Aquifer Thermal Energy Storage : Impact on groundwater chemistry

University essay from KTH/Hållbar utveckling, miljövetenskap och teknik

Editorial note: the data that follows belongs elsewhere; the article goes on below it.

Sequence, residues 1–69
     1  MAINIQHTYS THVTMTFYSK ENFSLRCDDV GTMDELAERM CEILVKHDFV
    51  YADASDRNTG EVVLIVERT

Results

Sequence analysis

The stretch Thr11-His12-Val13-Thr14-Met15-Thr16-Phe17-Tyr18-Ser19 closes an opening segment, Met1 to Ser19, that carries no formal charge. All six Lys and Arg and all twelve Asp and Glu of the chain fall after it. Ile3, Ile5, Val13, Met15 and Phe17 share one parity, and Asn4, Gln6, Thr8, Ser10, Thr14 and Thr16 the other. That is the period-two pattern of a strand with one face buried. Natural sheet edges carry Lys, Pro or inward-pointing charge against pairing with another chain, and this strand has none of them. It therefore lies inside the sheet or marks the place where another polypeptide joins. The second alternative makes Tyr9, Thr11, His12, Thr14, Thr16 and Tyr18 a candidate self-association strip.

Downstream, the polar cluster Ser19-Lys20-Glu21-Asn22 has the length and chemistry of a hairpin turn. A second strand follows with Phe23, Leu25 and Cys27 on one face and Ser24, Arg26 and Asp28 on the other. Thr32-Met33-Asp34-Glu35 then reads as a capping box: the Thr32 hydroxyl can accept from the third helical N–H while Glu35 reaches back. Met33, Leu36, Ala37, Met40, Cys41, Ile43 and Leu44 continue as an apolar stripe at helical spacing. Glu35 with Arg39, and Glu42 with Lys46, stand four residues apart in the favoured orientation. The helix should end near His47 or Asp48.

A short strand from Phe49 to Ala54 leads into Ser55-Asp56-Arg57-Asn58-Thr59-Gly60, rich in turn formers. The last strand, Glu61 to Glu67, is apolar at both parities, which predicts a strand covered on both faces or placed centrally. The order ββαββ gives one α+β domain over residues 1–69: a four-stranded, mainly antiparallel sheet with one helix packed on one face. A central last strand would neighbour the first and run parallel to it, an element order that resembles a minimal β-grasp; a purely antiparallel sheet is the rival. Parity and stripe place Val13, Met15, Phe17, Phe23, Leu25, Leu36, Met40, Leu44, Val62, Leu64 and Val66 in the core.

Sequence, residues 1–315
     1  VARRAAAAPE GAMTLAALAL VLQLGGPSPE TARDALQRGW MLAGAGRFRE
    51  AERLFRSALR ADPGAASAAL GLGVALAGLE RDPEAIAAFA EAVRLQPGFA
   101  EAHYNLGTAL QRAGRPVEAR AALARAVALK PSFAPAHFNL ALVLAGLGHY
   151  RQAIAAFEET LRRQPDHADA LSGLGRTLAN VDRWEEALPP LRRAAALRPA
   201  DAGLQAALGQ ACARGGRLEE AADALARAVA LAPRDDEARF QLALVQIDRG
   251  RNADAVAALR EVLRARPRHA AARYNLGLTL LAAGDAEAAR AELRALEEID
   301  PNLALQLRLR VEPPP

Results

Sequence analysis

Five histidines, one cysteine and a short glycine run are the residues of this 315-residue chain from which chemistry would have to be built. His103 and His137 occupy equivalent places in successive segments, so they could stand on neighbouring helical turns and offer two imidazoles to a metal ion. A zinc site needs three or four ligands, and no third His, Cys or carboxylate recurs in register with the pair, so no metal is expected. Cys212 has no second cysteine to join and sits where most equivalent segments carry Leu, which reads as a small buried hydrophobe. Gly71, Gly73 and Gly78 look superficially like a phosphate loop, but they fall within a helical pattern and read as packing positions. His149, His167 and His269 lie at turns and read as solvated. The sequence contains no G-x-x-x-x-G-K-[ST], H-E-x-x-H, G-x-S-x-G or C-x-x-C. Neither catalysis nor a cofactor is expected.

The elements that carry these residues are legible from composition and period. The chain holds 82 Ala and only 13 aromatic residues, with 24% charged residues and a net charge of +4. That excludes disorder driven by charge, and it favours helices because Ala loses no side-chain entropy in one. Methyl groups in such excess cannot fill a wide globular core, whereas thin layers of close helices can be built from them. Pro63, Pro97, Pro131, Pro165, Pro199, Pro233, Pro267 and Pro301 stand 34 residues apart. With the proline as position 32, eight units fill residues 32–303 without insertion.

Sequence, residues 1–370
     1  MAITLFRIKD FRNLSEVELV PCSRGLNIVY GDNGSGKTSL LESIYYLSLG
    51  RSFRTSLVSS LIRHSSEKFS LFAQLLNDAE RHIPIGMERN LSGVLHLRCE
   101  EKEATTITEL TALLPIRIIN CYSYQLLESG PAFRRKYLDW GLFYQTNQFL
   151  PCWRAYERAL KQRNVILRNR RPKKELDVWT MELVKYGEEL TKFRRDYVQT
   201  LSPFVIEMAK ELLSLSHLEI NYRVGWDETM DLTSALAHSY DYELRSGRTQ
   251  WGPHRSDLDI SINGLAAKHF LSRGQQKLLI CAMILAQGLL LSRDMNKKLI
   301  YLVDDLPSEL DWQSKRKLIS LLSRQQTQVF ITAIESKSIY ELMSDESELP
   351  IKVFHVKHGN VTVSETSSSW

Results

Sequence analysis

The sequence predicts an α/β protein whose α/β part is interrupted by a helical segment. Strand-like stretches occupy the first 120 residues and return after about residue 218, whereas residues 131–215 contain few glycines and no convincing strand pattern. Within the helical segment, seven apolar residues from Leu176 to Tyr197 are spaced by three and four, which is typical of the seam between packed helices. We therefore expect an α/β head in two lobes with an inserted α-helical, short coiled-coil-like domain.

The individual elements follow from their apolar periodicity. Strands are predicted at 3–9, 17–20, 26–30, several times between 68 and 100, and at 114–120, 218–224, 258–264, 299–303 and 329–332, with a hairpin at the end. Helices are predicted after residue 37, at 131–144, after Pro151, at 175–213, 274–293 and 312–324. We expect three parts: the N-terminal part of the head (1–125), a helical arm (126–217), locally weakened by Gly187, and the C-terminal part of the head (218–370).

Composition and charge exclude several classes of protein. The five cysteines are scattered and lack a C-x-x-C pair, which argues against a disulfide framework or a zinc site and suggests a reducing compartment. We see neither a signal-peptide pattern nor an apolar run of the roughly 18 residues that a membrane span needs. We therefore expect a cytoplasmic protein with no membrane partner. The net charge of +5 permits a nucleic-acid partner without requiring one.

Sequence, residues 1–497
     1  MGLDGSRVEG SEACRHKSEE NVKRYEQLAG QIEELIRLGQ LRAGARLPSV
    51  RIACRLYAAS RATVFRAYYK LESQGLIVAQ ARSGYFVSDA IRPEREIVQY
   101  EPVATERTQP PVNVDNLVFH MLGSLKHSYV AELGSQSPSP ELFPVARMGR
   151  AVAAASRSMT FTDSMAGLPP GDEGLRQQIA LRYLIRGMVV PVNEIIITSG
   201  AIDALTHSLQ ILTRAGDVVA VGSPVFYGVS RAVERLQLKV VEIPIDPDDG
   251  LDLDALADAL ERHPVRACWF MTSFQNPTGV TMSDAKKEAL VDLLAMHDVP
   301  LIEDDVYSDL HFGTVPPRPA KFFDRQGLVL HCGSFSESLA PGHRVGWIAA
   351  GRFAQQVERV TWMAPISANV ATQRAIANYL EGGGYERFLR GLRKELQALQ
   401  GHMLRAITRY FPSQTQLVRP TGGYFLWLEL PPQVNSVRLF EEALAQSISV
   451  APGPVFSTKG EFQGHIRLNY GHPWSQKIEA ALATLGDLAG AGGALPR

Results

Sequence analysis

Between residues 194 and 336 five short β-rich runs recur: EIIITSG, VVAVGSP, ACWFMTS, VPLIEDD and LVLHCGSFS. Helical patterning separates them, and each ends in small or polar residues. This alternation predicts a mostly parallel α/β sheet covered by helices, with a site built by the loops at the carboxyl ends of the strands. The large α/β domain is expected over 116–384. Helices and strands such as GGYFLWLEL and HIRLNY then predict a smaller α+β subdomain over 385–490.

Abstract: Groundwater is potentially a useful source for storing and providing thermal energy to the built environment. In a nordic context, aquifer thermal energy storage, (ATES) has not been subject to a wider extent of research concerning environmental impact. This thesis intends to study the impact on groundwater chemistry from an ATES that has been operational since 2016 and is located in the northern part of Stockholm, on a glaciofluvial deposit called the Stockholm esker. Analysis of groundwater sampling included a period of 9 months prior to ATES operation as well as a 7 month period after operation and sampling was conducted in a group of wells in vicinity of the installation and within the system as ATES operation began. Means of evaluation constituted a statistical approach which included Kruskal-Wallis test by ranks, to compare the ATES wells with the wells in the surroundings and principal component analysis, (PCA), to study the chemical parameters that could be related to ATES. In addition, a geophysical survey comprising 2D-resistivity and induced polarization, (IP) was done to elucidate whether the origin of high salinity could be traced to nearby possible sources. The analysis was based on foremost the cycle of cold energy storage. The results showed large variations in redox potential, particularly at the cold wells which likely was due to the mixing of groundwater considering the different depths of groundwater being abstracted/injected from different redox zones. Arsenic, which has shown to be sensitive to high temperatures in other research showed a decrease in concentration compared to surrounding wells. There were found to be a lower specific conductivity and total hardness at the ATES well compared to their vicinity. That indicates that they are less subject to salinization and that no accumulation has occurred to date. It is evident that the environmental impact from ATES is governed by the pre-conditions in soil- and groundwater.

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